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  • Last modified 3681 days ago (Oct. 15, 2008)

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Woe is me

When racking my brain as to what I should write about this time around, I found myself getting frustrated that I could never find time to just sit and think for a few minutes.

And then it hit me. That’s it!

I want to take this opportunity to whine a little bit about my hectic schedule. Please don’t get me wrong; it is not pity I am looking for in the least bit but rather to vent my annoyance.

I fully realize a lot of people out there have no free time and I think that we, as Americans, deserve time to put our feet up, if only for a few minutes each week no matter what our ages.

Between going to school seven hours a day, working 25-35 hours per week, homework, extra-curricular activities with a little bit of socializing that I allow myself, I’m straight-out pooped!

I honestly cannot remember the last time I took a lazy nap, watched a movie, or read a book. The thing that perhaps scares me the most about this is that as a young adult, I am just starting on the long road of no free time. Retirement seems a long way away, especially since officials appear to keep moving retirement age even later.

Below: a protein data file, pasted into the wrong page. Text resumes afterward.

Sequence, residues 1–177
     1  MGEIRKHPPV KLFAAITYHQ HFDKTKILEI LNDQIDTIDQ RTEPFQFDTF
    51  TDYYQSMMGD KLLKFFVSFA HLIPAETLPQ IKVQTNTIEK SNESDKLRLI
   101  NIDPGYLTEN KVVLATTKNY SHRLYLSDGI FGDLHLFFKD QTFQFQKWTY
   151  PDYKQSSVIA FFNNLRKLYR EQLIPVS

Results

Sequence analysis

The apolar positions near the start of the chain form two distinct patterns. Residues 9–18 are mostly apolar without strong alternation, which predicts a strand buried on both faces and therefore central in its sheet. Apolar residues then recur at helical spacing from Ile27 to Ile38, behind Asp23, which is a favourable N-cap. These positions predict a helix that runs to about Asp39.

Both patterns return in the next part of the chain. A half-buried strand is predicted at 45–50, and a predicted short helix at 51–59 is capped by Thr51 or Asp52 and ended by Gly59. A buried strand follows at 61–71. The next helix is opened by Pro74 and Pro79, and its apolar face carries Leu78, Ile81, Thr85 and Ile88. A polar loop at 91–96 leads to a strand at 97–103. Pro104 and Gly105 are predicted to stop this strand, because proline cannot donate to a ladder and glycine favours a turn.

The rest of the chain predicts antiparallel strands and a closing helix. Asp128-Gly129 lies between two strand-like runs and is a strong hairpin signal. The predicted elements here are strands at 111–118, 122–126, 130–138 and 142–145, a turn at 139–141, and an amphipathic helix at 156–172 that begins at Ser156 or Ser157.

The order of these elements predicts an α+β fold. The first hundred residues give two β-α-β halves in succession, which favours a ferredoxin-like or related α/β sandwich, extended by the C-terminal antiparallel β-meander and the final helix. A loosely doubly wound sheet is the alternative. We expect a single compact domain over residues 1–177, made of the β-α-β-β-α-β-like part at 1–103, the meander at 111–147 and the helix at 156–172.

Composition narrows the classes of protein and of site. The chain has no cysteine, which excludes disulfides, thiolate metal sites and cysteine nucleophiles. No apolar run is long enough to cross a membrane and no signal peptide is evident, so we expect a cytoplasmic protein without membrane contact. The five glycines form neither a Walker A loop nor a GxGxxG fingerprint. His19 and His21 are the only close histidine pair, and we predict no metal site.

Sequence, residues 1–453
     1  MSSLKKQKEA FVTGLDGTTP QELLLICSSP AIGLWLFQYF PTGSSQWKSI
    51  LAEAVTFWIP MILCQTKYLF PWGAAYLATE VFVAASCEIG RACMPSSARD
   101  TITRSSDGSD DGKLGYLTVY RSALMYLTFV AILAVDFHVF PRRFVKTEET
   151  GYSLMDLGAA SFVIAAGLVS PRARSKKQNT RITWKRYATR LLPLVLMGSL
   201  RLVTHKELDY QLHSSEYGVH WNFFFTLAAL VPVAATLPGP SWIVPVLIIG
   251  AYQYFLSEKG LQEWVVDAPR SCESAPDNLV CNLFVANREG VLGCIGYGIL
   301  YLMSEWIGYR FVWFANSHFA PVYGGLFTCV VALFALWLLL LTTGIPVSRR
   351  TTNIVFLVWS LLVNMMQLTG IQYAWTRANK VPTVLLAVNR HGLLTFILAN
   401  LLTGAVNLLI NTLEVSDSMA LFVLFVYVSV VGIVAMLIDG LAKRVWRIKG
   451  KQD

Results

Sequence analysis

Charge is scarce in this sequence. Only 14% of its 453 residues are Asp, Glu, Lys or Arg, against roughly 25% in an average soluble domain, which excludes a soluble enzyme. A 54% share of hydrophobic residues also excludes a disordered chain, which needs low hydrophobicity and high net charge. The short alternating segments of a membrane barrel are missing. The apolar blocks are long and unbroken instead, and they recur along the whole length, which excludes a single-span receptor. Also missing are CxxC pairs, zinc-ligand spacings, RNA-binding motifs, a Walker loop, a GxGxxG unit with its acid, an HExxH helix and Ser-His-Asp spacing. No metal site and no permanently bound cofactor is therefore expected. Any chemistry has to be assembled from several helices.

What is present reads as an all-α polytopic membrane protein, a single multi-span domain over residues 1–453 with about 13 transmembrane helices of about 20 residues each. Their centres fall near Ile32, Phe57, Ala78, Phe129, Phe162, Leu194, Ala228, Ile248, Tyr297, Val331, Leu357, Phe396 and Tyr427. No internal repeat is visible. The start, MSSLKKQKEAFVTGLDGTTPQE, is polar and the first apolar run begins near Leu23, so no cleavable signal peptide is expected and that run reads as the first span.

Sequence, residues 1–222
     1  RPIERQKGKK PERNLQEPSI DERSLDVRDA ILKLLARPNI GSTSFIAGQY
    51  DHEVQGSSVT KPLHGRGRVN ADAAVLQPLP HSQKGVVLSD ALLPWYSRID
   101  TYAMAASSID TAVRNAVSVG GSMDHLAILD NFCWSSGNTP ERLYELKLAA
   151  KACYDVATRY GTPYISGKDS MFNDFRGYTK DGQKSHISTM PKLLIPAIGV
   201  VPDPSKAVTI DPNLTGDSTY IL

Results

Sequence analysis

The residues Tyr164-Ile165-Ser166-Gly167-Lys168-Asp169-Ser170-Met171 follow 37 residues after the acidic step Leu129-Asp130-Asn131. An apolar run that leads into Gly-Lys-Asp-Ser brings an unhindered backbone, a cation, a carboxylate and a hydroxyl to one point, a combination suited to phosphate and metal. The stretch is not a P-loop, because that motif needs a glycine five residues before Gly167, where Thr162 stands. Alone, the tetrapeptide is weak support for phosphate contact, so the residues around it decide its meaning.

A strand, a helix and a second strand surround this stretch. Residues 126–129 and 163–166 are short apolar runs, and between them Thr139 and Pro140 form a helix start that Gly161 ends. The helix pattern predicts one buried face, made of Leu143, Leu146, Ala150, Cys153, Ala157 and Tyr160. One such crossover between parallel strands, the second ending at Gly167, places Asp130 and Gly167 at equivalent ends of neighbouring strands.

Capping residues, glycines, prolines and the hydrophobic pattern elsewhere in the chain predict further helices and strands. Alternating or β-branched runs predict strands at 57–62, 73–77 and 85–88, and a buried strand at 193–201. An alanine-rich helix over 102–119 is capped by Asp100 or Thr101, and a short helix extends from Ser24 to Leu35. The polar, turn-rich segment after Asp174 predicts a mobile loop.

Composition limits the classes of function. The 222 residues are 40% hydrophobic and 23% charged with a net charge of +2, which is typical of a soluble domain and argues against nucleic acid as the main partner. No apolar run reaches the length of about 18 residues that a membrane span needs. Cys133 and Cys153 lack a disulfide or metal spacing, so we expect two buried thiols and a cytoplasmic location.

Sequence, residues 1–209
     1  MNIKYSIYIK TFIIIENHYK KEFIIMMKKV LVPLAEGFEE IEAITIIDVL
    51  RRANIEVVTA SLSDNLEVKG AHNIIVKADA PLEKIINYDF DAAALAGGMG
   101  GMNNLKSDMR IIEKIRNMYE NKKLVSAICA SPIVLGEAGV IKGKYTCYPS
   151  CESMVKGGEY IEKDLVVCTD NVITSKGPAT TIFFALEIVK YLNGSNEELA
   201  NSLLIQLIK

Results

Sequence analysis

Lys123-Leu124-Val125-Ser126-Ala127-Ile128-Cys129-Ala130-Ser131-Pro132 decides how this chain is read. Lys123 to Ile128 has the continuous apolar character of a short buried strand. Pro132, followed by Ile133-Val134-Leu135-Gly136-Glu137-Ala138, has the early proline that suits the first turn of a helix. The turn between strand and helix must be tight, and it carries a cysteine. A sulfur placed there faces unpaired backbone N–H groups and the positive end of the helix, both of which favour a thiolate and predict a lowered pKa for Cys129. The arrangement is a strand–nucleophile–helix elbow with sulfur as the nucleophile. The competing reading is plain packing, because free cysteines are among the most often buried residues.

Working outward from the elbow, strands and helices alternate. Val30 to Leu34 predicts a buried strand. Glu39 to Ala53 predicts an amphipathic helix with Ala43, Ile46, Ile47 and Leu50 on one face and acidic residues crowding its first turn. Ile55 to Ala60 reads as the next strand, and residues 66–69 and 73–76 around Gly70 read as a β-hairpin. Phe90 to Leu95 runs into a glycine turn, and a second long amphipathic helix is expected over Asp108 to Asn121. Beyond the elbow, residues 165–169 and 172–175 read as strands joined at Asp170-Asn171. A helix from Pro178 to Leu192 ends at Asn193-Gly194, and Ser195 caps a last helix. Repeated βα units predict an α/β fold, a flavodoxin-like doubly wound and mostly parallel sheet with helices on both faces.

Oh, man. Responsibility stinks!

However, I do love being busy and possibly would rather do something productive with my time than doing nothing but occasionally, that “nothing” sure does seem amazing.

Remember adults, after work you get to go home, put up your feet, and maybe even watch the evening news. Some days I get home from work around 8:15 p.m., grab a bite to eat, and have two to three hours of homework laid-out in front of me only to turn around and begin this vicious cycle all over again the next morning when the alarm wakes me up.

I am lucky enough, however, to snag a couple of days off from work each week, thanks to my amazing boss, Rick Turner. Those days are filled with other responsibilities that include school-related activities.

I fully grasp that I am not the only young person out there experiencing “no free time syndrome.” There are those in fall sports or others who work longer shifts than I do.

So the next time you feel down, overworked, and underpaid, don’t fret, my friend, and join the club. I assume this realization comes hand-in-hand with the whole growing-up bit, something that I have been warned about a time or two.

— PAIGE BARNES

Last modified Oct. 15, 2008

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